A s I sit here on the back porch of Pine Cottage on a lovely late-summer afternoon, I feel a deep sense of tranquillity because I’m alone and yet enveloped in nature’s womb, soothed by the swooshing sounds of the leaves as they tremble and shake in the soft, warm breeze. My mind jumps from the peace and beauty I experience now in the present to thoughts of excitement and some anxiety aroused by the impending approach of a new school-year at Oak Grove on the other side of the valley, my sacred place of learning and discovery. I can hear someone listening to an audio recording of a Krishnamurti talk inside the Study Centre, and subtly, the familiar cadence of the muted voices reminds me that I am in a truly sacred place, dedicated to those serious enough to boldly explore truth and bravely enquire into the meaning of life. This is why learning for me is of the utmost importance, because I’ve realized that it is what gives significance to my whole existence. I therefore feel that teaching can only be a sharing of such learning with others, my younger companions, which makes it not only a matter of affection rather than intellectuality, but also something profoundly simple and human.

Awareness of this essential qualification leads me to reflect on what is— for me, at least—the relative unimportance of teaching methodologies and techniques. Far more important than any particular way in which a teacher may seek to fulfil her function is the state of her heart—whether it is full of love, or empty and given over to abstract ideas and ideals instead. If one were to suggest that there are five degrees of general teaching-methodology with one being utterly unstructured, free play and five being rigorously regimented and rote-memorization, would a teacher necessarily fail to evoke a genuine interest in learning in her students if she were to make use of one extreme method or the other? If she really loved her students and cared for their well-being, would it make a great deal of difference whether she taught them using rote-memory exercises (such as memorizing poems or speeches) or just laughed and played games with them for part of an afternoon? Or would there really be much of a difference if she stuck to the middle course and balanced both approaches?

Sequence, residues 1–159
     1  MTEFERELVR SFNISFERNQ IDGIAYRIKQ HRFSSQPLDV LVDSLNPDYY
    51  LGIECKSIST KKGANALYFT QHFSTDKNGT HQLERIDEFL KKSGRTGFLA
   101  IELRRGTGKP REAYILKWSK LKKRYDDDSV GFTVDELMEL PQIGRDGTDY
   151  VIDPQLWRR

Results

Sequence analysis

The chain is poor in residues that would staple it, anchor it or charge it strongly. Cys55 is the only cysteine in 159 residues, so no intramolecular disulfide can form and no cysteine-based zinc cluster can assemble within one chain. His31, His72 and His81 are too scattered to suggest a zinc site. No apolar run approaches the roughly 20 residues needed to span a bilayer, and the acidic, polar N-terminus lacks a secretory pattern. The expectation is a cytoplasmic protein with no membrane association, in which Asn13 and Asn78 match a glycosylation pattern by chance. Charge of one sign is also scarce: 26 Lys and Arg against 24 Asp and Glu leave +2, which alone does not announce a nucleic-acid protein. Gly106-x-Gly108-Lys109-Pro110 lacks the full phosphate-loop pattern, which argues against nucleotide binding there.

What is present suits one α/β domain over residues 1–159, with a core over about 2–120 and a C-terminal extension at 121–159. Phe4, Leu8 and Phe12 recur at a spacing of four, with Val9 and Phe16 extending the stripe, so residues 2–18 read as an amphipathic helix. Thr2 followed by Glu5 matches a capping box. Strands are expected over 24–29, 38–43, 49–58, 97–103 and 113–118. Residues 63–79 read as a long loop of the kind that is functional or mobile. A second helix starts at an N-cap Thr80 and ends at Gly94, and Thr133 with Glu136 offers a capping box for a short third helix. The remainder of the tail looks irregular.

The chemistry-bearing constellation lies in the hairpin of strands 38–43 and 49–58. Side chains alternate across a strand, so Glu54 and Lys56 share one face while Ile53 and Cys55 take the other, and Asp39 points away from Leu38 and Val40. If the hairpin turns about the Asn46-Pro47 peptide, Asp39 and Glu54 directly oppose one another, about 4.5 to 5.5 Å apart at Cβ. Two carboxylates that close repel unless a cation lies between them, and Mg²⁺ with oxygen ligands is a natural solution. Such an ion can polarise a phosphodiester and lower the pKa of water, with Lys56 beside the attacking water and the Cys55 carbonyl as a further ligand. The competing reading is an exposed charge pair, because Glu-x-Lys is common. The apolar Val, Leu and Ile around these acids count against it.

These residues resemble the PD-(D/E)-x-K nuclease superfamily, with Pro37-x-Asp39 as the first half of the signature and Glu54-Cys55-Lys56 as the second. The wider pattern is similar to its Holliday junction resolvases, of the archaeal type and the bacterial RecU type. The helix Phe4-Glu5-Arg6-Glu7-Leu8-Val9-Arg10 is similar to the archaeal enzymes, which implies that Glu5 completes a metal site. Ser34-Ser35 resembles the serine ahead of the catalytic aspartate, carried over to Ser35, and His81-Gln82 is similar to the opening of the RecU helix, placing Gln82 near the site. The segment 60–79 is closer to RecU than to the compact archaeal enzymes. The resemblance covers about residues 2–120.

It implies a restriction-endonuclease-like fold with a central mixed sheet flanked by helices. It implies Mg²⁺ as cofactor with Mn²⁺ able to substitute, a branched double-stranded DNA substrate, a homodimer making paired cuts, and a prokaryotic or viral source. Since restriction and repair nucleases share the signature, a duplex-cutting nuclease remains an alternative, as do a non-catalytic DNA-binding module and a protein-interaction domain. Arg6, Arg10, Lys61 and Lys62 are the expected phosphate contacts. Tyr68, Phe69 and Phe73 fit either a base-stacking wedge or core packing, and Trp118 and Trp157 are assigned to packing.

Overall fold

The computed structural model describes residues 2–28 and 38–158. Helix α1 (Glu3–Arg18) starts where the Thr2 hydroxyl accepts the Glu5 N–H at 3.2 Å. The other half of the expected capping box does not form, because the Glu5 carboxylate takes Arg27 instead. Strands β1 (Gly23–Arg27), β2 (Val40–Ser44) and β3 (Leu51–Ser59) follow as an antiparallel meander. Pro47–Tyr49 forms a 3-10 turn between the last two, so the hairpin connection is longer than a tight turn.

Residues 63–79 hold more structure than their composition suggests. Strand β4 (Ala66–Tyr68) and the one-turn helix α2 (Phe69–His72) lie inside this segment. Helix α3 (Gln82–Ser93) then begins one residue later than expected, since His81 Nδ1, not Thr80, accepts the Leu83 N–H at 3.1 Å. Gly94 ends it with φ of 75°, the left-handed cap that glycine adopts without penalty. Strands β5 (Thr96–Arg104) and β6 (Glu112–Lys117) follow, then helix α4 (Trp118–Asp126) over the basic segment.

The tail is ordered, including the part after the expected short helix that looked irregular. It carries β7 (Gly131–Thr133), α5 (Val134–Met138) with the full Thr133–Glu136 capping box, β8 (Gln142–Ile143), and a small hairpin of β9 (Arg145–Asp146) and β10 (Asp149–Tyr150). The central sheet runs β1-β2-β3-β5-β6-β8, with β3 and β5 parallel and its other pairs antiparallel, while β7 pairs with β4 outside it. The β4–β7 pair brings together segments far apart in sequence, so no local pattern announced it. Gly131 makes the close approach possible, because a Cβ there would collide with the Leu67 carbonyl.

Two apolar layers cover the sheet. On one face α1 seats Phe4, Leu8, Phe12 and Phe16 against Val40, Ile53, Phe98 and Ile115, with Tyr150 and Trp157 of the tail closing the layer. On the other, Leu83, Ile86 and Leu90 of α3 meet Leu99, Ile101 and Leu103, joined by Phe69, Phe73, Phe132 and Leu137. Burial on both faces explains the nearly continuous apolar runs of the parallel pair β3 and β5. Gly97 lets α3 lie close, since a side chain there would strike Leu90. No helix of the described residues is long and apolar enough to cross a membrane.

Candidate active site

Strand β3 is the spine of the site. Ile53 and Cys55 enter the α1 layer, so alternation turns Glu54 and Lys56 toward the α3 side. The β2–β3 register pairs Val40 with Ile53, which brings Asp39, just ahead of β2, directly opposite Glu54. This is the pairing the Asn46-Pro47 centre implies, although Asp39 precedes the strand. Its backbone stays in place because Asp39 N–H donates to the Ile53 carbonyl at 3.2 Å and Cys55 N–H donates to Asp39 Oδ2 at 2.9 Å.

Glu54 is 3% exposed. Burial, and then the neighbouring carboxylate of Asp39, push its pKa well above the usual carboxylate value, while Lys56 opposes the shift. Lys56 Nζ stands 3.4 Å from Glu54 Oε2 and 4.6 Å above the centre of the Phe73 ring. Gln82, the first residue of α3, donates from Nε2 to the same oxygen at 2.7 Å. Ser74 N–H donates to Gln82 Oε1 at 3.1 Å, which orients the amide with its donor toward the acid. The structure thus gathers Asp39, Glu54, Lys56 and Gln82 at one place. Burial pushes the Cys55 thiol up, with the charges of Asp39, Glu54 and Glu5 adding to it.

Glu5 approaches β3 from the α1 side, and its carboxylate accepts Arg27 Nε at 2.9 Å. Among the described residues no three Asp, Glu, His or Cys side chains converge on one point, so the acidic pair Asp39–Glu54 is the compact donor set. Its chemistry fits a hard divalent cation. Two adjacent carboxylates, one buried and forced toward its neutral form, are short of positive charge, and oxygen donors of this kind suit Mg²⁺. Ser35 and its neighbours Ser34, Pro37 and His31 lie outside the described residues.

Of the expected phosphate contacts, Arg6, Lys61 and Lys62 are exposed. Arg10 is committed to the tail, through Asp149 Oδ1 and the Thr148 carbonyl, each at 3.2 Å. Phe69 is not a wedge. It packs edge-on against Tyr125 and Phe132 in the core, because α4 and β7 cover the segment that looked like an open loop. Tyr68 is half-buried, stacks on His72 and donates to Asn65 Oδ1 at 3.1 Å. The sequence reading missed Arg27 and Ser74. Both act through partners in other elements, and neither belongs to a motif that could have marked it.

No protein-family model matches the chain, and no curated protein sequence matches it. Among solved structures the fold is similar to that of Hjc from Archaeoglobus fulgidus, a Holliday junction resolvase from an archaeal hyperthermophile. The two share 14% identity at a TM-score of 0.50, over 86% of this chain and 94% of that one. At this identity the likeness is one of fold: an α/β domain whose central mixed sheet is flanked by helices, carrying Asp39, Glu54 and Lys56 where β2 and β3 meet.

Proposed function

I think that our success in teaching relies almost entirely on the relationship the teacher has, not only to the students, but to herself, to life as a whole, and to nature. Krishnamurti said somewhere that the teacher is the centre of the classroom, and I take this powerful observation to be very important as it indicates that, if I am to call myself an educator, I need to learn about myself —daily, hourly, from moment to moment. In order to do that I must be able to look honestly at my thoughts, my ideals, my judgments and assumptions, and then, having learned of them fully, to put all of that aside, naturally and easily, in order to learn. This requires me to understand that I am, in point of fact, ‘nobody’, that I do not know what it means to be a ‘good’ teacher at a Krishnamurti school, nor do I know how I can ‘awaken intelligence’ in others. I am only in a position to learn, but not in order to ‘know’ anything necessarily. This not knowing doesn’t exempt me from the urgency I feel burning within me to hold a special space for these questions to blossom, both for myself and for my students. I feel that, being in such a state of nothingness, I can hold questions open without the need for any concrete answer, prescription, or how-to method that might otherwise strengthen the images I may have of myself and my assumed role.